In the fight for more climate protection, the EU Parliament wants to ban the sale of new cars with combustion engines from 2035. A majority of MEPs voted in Strasbourg on Wednesday that from the middle of the next decade manufacturers will only be allowed to bring cars and vans onto the market that do not emit any greenhouse gases that are harmful to the climate. Before such a regulation can come into force, Parliament still has to negotiate with the EU states.

At the end of the month, the EU countries want to determine their position on the ban on the sale of petrol and diesel cars. Then the two EU institutions still have to find a compromise so that it can come into force.

E-mobility, transport policy and future mobility: the briefing on transport and smart mobility. For decision makers

Germany has already committed to the exit date of 2035. Environment Minister Steffi Lemke (Greens) said in Brussels in March on behalf of the federal government that the goal of ending the use of combustion engines in cars and vans by 2035 was supported. At the world climate conference in Glasgow in November, several major car manufacturers, including Mercedes and Ford, called for a sales ban on combustion engines in the leading markets from 2035.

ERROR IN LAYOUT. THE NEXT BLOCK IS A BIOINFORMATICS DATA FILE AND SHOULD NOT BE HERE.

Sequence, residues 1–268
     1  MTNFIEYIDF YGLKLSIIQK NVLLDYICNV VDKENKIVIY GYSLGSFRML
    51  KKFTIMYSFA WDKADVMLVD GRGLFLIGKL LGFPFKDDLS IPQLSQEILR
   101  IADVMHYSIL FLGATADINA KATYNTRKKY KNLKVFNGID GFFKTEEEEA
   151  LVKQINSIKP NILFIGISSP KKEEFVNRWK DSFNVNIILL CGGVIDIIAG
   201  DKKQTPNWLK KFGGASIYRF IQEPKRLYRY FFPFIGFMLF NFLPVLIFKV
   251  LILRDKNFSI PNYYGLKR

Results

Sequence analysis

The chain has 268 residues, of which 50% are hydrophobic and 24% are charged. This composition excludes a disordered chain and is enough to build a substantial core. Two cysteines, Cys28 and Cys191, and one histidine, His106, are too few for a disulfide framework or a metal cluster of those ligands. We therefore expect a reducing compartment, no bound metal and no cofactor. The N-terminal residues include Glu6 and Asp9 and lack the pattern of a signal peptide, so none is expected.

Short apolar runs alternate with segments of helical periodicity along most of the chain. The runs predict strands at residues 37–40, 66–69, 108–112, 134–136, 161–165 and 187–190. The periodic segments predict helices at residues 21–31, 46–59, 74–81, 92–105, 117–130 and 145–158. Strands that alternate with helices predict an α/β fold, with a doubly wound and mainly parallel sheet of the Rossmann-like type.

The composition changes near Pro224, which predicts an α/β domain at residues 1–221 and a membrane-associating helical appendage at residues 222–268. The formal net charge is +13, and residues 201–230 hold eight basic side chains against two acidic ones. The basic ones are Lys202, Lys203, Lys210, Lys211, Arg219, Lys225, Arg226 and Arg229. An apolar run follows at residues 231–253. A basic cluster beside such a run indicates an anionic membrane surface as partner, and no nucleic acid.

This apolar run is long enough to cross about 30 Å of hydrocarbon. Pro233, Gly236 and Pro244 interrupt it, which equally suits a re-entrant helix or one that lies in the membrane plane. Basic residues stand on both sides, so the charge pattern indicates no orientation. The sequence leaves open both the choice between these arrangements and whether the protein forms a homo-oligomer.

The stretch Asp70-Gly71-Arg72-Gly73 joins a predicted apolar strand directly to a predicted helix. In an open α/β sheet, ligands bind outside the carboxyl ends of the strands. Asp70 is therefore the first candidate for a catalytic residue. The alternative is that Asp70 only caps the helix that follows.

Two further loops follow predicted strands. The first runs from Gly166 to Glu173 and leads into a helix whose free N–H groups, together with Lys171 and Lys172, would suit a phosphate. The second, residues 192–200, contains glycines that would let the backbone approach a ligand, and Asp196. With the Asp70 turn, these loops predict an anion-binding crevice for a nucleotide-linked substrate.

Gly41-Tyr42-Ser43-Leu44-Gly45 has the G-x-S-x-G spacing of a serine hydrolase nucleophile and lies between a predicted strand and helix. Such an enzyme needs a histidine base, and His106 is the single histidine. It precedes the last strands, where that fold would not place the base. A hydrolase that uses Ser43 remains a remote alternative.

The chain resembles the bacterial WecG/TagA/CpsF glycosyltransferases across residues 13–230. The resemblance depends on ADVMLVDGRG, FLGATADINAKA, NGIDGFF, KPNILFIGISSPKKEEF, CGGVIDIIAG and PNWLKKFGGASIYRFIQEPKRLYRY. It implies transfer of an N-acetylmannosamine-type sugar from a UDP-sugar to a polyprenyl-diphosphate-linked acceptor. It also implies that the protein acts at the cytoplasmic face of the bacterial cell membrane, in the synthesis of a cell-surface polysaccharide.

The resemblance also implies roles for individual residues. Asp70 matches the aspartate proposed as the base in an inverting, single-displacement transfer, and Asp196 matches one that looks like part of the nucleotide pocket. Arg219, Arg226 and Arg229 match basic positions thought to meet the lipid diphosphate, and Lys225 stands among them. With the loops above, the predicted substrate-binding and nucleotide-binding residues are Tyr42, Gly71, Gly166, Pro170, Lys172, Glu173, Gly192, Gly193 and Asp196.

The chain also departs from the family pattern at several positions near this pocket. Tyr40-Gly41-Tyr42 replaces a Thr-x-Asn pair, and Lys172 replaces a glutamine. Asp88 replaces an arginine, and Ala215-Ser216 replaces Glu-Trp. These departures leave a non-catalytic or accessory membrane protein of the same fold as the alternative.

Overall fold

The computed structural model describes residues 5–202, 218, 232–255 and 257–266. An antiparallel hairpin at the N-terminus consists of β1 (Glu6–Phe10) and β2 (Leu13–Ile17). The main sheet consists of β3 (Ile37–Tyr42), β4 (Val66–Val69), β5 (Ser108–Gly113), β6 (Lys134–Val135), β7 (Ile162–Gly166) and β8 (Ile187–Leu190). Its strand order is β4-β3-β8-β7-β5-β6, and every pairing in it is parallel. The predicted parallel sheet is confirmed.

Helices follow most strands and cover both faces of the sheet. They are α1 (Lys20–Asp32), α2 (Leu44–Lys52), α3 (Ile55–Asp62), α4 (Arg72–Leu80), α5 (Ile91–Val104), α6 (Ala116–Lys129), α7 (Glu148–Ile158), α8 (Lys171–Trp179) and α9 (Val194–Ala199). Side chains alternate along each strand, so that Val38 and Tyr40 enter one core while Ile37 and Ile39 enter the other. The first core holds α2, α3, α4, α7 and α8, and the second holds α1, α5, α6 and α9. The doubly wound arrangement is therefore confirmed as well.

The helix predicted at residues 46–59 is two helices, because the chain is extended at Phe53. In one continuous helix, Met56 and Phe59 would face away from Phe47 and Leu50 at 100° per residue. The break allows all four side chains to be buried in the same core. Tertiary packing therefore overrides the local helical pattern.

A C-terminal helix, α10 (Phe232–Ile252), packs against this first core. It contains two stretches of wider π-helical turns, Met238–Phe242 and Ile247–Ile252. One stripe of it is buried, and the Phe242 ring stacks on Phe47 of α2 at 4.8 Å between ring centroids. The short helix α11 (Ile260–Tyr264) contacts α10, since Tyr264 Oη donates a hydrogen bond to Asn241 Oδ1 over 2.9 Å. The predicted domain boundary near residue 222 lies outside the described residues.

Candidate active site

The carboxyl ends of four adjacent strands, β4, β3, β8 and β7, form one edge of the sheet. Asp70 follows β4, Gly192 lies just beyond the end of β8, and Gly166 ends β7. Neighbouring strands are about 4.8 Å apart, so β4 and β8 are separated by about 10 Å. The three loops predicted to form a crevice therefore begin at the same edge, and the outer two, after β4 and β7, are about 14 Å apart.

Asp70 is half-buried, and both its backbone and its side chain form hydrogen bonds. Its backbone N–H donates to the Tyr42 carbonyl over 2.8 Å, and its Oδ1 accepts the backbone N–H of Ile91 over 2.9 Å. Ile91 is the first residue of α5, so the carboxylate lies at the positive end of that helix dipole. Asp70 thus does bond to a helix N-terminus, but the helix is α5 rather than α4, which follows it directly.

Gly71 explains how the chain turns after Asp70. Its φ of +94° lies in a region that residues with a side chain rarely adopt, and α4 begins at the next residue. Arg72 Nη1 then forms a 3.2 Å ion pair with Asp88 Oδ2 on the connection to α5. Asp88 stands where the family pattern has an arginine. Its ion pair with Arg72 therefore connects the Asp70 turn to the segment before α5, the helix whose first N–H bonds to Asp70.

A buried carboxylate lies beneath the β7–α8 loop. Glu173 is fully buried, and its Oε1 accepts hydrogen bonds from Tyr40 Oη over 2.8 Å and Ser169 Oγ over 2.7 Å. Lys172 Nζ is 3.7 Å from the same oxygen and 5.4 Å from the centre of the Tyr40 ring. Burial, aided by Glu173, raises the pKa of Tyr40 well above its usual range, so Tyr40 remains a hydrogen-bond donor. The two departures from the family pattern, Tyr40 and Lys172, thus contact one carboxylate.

After the vote, German Green MP Michael Bloss said on Wednesday: “We have decided in favor of the future of Europe as an automotive location.” In the future, the best electric cars and the latest batteries will come from Europe.

MEPs also advocated that no climate-friendly synthetic fuels can be counted. With these, a classic combustion engine could be operated in a climate-neutral manner. However, critics fear that there are already too few of these for aviation and shipping, which are less easy to operate electrically than cars or vans.

Criticism came from the CDU. “Unfortunately, the Greens, Liberals and Social Democrats prefer to put everything on the electric mobility card,” said CDU MEP Jens Gieseke. In his own words, he fears for Europe’s competitiveness and numerous jobs. But he conceded: “The ban on combustion engines in 2035 will probably no longer be preventable.”